The prospect that Toshiba will withdraw from the nuclear power business after its embarrassing and expensive experience with the American company Westinghouse poses a serious problem for the UK’s plans to make new nuclear the core of future energy supply. If those plans are to be delayed, as looks almost certain now, the government will have to come up with an alternative. Hinkley Point is still in doubt because a new French government after elections in May could decide that subsidies to the state-owned company hoping to build Hinkley are unsustainable. EDF is deeply indebted and its finances have continued to deteriorate since its finance director, Thomas Piquemal, resigned last spring. A recapitalisation of the company is essential and for that to succeed drastic change is necessary. The management, imposed by President François Hollande in 2014, could be turfed out and a radical restructuring launched. The questions around the technical integrity of the EPR reactor and the ability of the company to complete a construction project remain unresolved. If Hinkley itself is in doubt so, too is Sizewell. Beyond Hinkley the next planned project is at Wlyfa in North Wales. Hitachi is in better shape to lead the project, and the technology is simpler. But the financing of the construction remains an open question. The Japanese government could provide funding, perhaps as part of a restructuring of the country’s nuclear sector which brings together the scattered elements of expertise from different companies, but may be reluctant to do so if the UK itself remains adamantly opposed to putting in any public money. And then there’s China. China’s nuclear design is being examined by the UK’s industry regulator. That will take four to five years. All this suggests a serious risk of delay to the programme. That will be compounded by Britain’s decision to leave Euroatom. Additional capacity backed by investment has to be put in place to cover a gap that will open up as each old station is closed. Plan B is urgently required.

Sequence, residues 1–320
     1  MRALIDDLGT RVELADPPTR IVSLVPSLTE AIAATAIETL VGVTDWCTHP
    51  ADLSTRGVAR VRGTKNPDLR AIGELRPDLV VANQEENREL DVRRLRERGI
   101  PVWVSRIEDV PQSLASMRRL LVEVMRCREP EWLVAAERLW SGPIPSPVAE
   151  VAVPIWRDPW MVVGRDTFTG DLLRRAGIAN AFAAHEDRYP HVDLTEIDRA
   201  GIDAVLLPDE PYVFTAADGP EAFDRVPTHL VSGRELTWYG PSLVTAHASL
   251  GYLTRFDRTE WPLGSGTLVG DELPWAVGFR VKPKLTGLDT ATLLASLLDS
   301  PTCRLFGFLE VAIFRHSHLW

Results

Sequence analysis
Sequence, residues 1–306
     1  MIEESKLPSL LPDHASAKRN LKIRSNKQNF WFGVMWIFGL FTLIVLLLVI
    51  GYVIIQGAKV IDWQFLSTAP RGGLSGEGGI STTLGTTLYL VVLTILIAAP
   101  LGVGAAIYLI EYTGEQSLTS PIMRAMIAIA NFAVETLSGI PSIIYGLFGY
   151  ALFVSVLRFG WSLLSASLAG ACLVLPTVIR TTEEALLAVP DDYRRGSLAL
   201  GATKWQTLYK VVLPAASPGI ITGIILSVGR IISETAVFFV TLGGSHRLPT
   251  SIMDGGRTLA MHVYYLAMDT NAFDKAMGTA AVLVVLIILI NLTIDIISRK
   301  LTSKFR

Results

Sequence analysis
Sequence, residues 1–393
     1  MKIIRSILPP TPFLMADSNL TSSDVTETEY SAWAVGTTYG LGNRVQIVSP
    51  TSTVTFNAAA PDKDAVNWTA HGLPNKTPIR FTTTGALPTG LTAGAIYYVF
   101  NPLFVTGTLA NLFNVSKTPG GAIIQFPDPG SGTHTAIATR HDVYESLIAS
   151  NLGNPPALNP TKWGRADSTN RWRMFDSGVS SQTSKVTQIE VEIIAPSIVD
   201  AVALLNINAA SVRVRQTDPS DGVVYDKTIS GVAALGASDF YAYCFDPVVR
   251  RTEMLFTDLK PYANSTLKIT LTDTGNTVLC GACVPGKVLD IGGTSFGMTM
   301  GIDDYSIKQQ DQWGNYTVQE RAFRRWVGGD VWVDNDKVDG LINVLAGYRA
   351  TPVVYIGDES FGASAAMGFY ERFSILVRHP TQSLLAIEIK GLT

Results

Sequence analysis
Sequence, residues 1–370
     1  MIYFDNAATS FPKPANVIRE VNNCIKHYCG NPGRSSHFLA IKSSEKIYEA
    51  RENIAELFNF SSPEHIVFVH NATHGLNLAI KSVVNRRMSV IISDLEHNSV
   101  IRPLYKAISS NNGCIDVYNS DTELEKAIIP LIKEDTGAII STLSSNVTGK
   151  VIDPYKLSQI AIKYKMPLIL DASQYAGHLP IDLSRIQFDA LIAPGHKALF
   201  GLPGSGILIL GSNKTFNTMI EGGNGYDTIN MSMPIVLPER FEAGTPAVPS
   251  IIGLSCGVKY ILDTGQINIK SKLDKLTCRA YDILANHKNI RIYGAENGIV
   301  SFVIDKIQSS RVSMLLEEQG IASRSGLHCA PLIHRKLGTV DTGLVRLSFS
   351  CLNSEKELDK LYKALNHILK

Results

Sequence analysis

FT 6th Feb 2017 read more »
Global nuclear power capacity grew slightly in 2016, writes Jim Green, but it was more a dead cat bounce than the long-awaited nuclear ‘renaissance’. Meanwhile, nuclear utilities are in crisis, and no major commodity had a worse 2016 than uranium.
Renew Economy 6th Feb 2017 read more »